NEW YORK (TheStreet) -- Comcast (CMCSA) is reportedly introducing a new package of services to better serve customers who reject the idea of having to pay for expensive features they don't really want.
Forget the current trend offering Internet/cable TV/phone packages with ever-increasing monthly fees. The new "Internet Plus" grouping features high-speed Internet access, a small grouping of local broadcast/basic cable television stations, Comcast's own video-on-demand service as well as Time Warner's (TWC) HBO and HBO Go.
Shares in Comcast were advancing 0.26% to $47.89 in New York on Friday.
According to a story from DSL Reports.com the new bundle will give users up to 25Mbps broadband services, 20 channels of "Limited Basic" television stations, access to Comcast's year-old "StreamPix" video-on-demand service, HBO and HBO Go.
For the first 12 months, Comcast will offer the new deal for $40 to $50 per month. After a year the promotional price will rise to $60 to $70 for six more months. The service may jump another $10 after a year and a half. The company offers Internet-only service in those same markets starting at $30 per month.
Internet Plus will reportedly be available only in a limited number of markets, at least for now.
This new grouping is aimed squarely at Comcast's Internet customers who also subscribe to Netflix (NFLX). While Netflix charges $8 per month for its standalone service and Comcast rival StreamPix costs only $5 per month, the idea is to keep customers locked-in to buying service from one provider.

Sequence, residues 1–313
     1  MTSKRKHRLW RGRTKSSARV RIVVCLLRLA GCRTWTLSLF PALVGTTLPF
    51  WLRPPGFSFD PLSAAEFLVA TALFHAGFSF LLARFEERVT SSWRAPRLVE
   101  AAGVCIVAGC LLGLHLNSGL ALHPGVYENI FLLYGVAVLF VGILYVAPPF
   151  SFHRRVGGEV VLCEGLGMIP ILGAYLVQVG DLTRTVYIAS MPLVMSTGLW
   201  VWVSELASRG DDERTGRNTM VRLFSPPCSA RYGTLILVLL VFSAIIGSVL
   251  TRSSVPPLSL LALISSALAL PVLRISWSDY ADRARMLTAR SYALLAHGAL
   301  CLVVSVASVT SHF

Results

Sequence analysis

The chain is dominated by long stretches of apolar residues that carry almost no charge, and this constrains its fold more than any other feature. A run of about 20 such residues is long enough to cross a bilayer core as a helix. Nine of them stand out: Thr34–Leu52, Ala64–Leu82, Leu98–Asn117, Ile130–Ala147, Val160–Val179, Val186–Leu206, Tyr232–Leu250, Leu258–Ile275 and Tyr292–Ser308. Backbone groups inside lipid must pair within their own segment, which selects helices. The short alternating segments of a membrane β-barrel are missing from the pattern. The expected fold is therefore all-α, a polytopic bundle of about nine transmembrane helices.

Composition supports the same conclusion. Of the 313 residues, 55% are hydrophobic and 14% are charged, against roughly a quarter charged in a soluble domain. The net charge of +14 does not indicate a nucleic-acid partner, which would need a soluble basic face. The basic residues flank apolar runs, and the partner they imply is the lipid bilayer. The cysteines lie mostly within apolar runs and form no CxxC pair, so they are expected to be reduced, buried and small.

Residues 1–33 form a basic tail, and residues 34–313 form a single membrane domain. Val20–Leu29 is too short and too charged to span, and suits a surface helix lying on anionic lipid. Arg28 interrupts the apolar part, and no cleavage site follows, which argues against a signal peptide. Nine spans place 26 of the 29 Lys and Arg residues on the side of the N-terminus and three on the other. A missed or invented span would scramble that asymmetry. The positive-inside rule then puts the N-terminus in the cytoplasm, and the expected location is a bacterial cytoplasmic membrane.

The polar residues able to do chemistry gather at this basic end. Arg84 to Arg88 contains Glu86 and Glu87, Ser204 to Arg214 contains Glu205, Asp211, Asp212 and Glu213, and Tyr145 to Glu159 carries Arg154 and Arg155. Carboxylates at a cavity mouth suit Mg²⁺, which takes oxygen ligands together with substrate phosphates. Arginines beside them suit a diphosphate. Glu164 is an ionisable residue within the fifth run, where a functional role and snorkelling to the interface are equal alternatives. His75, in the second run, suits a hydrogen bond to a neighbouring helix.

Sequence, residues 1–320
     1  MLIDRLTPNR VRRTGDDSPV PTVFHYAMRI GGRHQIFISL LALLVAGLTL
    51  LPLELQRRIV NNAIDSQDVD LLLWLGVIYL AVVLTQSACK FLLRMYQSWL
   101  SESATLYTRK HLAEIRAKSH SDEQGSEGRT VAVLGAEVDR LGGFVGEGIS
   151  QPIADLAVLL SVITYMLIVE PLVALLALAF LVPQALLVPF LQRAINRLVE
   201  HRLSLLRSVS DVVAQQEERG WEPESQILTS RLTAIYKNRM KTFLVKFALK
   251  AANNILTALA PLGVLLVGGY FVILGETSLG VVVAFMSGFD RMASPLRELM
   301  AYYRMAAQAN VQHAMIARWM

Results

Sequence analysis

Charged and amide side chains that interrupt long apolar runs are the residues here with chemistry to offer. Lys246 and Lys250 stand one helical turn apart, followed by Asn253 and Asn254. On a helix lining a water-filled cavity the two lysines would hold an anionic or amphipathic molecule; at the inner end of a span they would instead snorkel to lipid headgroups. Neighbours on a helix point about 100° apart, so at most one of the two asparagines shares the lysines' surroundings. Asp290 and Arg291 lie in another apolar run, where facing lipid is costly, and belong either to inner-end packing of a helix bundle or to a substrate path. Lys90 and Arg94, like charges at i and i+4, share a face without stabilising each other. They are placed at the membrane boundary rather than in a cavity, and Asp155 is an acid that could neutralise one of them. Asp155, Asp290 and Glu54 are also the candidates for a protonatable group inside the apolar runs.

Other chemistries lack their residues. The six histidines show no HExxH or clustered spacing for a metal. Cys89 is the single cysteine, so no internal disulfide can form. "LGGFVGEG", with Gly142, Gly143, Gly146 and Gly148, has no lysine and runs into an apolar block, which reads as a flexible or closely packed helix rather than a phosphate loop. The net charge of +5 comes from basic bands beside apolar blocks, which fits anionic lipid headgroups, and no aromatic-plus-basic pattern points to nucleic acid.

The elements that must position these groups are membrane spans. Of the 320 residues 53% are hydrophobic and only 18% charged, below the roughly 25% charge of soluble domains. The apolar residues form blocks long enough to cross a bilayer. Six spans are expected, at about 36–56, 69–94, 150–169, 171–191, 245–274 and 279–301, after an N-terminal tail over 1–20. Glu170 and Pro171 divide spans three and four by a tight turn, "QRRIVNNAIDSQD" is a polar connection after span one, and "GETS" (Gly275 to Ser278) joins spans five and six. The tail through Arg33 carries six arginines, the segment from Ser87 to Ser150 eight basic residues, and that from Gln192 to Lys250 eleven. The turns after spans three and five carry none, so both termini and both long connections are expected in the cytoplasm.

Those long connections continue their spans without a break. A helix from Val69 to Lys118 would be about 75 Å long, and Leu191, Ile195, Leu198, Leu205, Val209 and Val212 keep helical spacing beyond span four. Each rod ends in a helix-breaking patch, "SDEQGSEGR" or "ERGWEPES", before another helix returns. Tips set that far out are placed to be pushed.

In recent months, Comcast has tried adding monthly Internet usage limits as well as overage fees to force customers to think twice about how often they use resource-hungry, third-party streaming services like Netflix.
Although HBO executives have gone on record as being staunch supporter of large bundles in the past, this will be the first time HBO has agreed to being paired with smaller, less expensive broadcast/cable packages. The move could ultimately lead to similar deals with other cable TV and streaming video providers.
Written by Gary Krakow in New York.
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